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Posts Tagged ‘Big East’

TCU? Really Big East?

In an effort to quell the fear that they may get their BCS card revoked, the Big East has hastily invited Texas Christian University to join it’s bulging conference.  This attempt by the Big East to maintain their football relevance reeks of desperation and threatens to further fracture a union of schools that has a rich basketball history that was mortgaged some time ago.

This is not a criticism of TCU.  They have a very respectable football program that goes all the way back to 1896.  Since Gary Patterson took over the team in 2000 they are 97-28.  But let’s be realistic about this – what happens when Patterson leaves?  It could happen as soon as the end of this season.  If Georgia or Michigan were to call and invite him to interview for the head coaching position at their schools he’d have to take the call.  And if he leaves is the Big East left with just another mediocre program struggling for national relevance?  Goodness knows they’ve already got enough of those.

So the Big East is making a very short-term play and hitching their football future to a school that has been battling for respect in a conference that is a non-automatic BCS qualifier.  Is that a move that is supposed to get Big East fans excited?

And what about basketball?  I’ve thought in the past that the Big East’s best play may be to invest in roundball.  To pursue the title as the undeniable best basketball conference in the country.  They took a nice step toward that after the ACC grabbed three of their most competitive football schools in the early 2000s.  But now they take a step in the other direction without a major pay off.  And now the basketball conference has 17 teams.  How in the world are they going to manage 17 teams?

Finally there is the little issue of the money.  When the Big Ten was exploring expansion, money was a really big issue.  They were not going to add any schools that couldn’t bring in enough money to result in a revenue gain for all the members of the conference.  Where’s the big money gain here?  There is none.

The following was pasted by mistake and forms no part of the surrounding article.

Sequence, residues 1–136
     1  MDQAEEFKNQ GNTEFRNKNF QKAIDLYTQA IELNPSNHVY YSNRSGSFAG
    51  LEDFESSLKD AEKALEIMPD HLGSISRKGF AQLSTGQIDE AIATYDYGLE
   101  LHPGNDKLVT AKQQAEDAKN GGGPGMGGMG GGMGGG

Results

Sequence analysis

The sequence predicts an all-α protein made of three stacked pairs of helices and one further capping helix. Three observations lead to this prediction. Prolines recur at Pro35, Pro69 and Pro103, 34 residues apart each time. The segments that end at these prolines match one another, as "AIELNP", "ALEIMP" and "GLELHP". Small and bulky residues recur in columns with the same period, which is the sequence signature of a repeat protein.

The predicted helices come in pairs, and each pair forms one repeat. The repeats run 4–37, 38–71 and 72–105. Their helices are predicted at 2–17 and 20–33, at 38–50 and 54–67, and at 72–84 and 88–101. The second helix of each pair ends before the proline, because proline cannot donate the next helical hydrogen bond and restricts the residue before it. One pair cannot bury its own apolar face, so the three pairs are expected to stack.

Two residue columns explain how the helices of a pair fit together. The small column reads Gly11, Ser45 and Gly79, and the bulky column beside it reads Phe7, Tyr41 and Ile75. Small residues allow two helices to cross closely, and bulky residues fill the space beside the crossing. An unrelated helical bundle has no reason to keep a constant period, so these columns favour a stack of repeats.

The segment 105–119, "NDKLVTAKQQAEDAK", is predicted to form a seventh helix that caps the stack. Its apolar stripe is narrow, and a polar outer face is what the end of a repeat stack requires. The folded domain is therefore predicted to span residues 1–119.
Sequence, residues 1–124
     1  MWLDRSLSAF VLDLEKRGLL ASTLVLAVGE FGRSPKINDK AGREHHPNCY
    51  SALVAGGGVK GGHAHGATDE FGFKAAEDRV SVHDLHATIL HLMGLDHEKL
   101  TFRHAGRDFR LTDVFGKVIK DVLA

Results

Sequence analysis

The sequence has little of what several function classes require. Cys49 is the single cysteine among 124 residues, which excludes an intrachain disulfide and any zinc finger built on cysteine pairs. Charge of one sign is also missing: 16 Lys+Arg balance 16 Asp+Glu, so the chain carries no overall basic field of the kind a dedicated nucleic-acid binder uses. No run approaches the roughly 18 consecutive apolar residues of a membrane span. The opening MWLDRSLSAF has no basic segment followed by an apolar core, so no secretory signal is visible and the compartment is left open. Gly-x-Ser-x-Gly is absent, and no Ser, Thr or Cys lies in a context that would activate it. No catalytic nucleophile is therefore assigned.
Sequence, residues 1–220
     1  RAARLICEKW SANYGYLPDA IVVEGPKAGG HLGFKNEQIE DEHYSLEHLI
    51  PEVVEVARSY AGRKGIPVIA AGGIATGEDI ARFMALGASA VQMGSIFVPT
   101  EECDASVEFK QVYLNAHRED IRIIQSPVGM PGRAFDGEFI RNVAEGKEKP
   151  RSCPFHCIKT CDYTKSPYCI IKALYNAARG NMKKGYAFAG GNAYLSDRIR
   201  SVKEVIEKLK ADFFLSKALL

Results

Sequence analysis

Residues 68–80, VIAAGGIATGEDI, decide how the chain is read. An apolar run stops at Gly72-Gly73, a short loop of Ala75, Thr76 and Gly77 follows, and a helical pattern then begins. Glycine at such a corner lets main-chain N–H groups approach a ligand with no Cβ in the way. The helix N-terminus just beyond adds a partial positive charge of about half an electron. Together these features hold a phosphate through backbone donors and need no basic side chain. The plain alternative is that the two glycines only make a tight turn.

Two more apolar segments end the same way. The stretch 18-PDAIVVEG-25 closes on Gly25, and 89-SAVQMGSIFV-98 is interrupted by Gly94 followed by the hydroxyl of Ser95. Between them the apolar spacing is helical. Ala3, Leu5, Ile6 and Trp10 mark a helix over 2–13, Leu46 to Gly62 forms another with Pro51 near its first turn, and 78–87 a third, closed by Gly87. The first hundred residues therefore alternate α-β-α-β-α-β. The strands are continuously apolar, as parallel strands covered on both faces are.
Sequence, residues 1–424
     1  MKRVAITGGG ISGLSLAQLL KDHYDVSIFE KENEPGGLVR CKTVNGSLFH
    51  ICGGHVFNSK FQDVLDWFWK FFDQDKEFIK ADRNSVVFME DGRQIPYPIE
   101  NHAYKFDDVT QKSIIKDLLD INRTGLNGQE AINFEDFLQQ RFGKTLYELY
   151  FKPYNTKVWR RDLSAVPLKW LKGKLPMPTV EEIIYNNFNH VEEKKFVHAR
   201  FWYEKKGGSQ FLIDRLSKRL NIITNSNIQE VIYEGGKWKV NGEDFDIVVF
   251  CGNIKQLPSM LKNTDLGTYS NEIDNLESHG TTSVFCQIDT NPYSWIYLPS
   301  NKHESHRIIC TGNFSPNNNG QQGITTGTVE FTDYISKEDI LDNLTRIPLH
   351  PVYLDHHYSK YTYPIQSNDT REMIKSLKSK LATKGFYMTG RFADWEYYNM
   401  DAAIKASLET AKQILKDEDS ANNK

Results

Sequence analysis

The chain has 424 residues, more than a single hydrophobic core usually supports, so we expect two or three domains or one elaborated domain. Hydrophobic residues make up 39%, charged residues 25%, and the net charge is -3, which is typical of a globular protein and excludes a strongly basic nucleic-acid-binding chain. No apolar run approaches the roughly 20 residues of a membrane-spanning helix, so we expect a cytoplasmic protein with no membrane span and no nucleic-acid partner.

They can trumpet the fact that TCU resides in the fifth biggest market in the United States all they want but the reality is the Horned Frogs may not even be in the top 10 when you start ranking the franchises and universities that garner the most attention in Dallas/Ft. Worth.  And ultimately their addition could lead to a net loss because of the increase in travel costs.

So there you have it, that’s my take.  The Big East and TCU got together like two drunken Las Vegas club goers who could not keep their hands off each other and dashed off to the chapel to let Elvis seal the deal for their matrimony.  Let’s hope one of them doesn’t wake up wondering how big of a mistake they made last night.

Care to disagree?  Feel free to do so by posting a comment below.

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Over the past few weeks I have documented my predictions for NCAA Mega Conference expansion in a series of phases that I posted in the order I think they will occur.  In case you missed it, here are the links:

  1. First Big Ten expansion includes three Big East programs
  2. Pac-10 grows by two
  3. Big Ten completes full expansion to 16 teams
  4. The SEC responds in a big way
  5. Two more Big 12 teams move to the Pac-10
  6. 14 feels right for the ACC

The next question may be what happens to what is left of the Big East and Big 12.  My guess is that the Big East will become a conference driven by basketball without football.  I’ve read that the Big East has already approached some Atlantic 10 teams about their willingness to join the league if some of their current members are poached.

That could potentially leave Louisville, Cincinnati and South Florida in no man’s land.  Perhaps the Big 12 would try to rally around what they have left in Texas, invite  the Big East castoffs and a couple of current non-BCS schools like TCU and Central Florida in a desperate attempt to maintain their BCS status.

Another question is what happens to the BCS.  Does the new conference alignment alter it in a whole new way?  Could the four mega conferences work together to put their four champions in a four team playoff and complete eliminate the involvement of all the other programs as reader NC_Buckeye has suggested?  I could certainly see that happening.

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As the Big Ten, Pac-10, SEC and Pac-10 again have expanded their conferences, the ACC has sat back and watched.  The most important thing for the ACC at this point is that none of their current programs have been taken away by the other quickly growing conferences.